everal advocacy groups have asked the US Food and Drug Administration to “immediately” restrict certain uses of antibiotics in food-producing livestock, arguing that a voluntary effort will not mitigate growing resistance among humans to the medicines.
In a petition filed on Tuesday, the groups maintain that a voluntary FDA program — which was created three years ago — has not reduced antibiotic use in livestock, and they insist the FDA program “will not produce significant reductions in the future.” In fact, the groups argue that antibiotic use in food-producing animals has actually increased by 5 percent since the program was announced.
This is a contentious point because the medicines have been blamed for some 2 million illnesses and 23,000 deaths in the US, according to the Centers for Disease Control and Prevention. And about 70 percent of antibiotics used to treat Americans are also used in livestock, according to the Natural Resources Defense Council, which is among the groups that filed the petition.
In arguing their case, the groups seize on a subtle, but important, distinction between the use of antibiotics for promoting growth in livestock and preventing disease. Weight gain makes animals better suited for increased food production, but can also encourage unnecessary use of the drugs. And so, the FDA program is aimed at eliminating the use of antibiotics for growth promotion.
Yet many antibiotics that are approved for growth promotion in livestock are also approved by the FDA for preventing disease, and the groups argue the lines between these uses are not always clear. More than two dozen antibiotics approved for disease prevention are labeled to include maintaining weight gain in the event of certain ailments that may be vaguely defined, such as respiratory illness.
Moreover, the advocacy groups cite data indicating growth promotion accounts for just 10 percent to 15 percent of livestock antibiotic use. “By failing to eliminate disease-prevention uses, FDA’s voluntary program could leave in place the lion’s share of routine antibiotic use in livestock production,” the groups wrote in their petition.
“Until FDA takes mandatory action to eliminate not only growth-promotion but also disease-prevention uses of medically important antibiotics, livestock producers can continue to administer these life-saving drugs on a routine basis, promoting the development of antibiotic-resistant bacteria and threatening human health,” the petition stated.
“Our opposition is to giving antibiotics to animals before there are any signs of illness,” said Steven Roach, food safety program director at the Food Animal Concerns Trust, which also signed the petition. The groups noted that, in 2014, 62 percent of antibiotics sold for use in animals fell into a category the FDA deemed “medically important” for humans.
A spokesman for the Animal Health Institute, a trade group for drug companies that sell the antibiotics, wrote us that the “petition mischaracterizes the FDA policy, the way antibiotics are used currently and how they will be used after implementation by January 1, 2017. We urge FDA to reject the petition.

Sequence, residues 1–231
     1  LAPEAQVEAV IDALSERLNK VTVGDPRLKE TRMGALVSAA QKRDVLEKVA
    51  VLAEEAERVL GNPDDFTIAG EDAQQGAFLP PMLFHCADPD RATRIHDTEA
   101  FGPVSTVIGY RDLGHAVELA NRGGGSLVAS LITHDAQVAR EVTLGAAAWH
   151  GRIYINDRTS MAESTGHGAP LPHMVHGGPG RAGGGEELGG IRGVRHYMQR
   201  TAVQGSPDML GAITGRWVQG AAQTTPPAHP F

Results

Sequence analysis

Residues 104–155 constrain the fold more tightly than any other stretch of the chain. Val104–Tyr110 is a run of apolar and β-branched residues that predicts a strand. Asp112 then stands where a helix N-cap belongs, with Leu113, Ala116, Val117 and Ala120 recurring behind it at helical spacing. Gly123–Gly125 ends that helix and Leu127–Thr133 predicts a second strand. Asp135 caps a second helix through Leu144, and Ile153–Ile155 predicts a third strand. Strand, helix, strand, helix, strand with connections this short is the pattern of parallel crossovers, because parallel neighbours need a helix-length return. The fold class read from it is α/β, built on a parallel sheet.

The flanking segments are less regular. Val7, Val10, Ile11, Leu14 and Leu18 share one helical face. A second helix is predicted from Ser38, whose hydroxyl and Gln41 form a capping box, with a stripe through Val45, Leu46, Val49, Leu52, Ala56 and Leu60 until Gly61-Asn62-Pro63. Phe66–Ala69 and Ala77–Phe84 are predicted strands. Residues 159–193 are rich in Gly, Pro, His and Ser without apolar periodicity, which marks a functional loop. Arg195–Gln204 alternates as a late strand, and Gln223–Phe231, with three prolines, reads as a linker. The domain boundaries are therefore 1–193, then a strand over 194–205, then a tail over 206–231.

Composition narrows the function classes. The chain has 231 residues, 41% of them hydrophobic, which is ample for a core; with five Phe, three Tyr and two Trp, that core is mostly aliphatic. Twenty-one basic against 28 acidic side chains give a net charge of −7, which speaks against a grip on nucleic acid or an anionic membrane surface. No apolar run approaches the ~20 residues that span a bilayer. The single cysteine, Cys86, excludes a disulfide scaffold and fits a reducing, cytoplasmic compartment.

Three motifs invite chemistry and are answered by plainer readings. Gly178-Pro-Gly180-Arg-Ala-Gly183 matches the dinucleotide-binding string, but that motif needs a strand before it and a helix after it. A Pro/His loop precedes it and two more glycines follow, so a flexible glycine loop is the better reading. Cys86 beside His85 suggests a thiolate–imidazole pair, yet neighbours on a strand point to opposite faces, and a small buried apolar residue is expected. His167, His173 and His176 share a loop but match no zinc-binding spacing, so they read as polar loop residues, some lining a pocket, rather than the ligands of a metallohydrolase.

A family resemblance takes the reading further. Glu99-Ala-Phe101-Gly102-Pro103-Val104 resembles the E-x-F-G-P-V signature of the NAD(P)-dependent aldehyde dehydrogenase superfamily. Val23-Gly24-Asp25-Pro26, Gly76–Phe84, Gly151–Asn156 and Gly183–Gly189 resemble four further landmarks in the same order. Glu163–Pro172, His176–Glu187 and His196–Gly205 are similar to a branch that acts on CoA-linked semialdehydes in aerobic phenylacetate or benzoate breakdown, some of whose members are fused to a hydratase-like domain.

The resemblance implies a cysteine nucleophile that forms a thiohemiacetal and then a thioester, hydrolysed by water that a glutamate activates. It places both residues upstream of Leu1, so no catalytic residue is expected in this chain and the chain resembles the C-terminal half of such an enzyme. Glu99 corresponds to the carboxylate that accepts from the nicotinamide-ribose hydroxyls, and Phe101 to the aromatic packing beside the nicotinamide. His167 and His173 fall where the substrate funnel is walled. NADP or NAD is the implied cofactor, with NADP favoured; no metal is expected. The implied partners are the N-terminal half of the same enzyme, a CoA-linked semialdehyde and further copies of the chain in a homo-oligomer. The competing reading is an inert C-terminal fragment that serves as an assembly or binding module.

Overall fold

“Veterinarians will not be able to order these products for growth promotion under the guise of prevention, as the petitioners imply, both because it will be illegal for them to do so and because the doses and duration of therapy are not the same as those that were approved for growth promotion.”
Under the FDA plan, drug makers are supposed to take final steps to remove language from product labeling that indicates antibiotics can be used for weight gain. The companies are also supposed to change stipulations that the medicines can only be used with veterinary oversight. These voluntary steps are supposed to be fully implemented by the end of this year.
In the petition, the groups also pointed to the Netherlands, where the use antibiotics in livestock did not decrease following an initial ban on only growth-promotion uses. But total use did fall by 59 percent after the country implemented other steps, including a ban on disease-prevention uses. As a result, they saw a drop in antibiotic sales for animal use of 56 percent from 2007 to 2012.
The petition was sent to the FDA just one day after the agency announced plans to seek “public input” on the best ways to determine how long some antibiotics should be used in livestock. Currently, there is no specifically defined time frame in which as many as 32 percent of the medicines should be given to food-producing animals, according to the agency.
Last spring, the FDA issued a final rule that will require drug makers to report the amount of antibiotics that are sold for use in different types of food-producing livestock. By collecting this data, the agency hopes to better understand exactly how the medicines are used by farms that raise hogs, cattle, chickens, or turkeys for human consumption.
This story was updated to include a comment from the Animal Health Institute.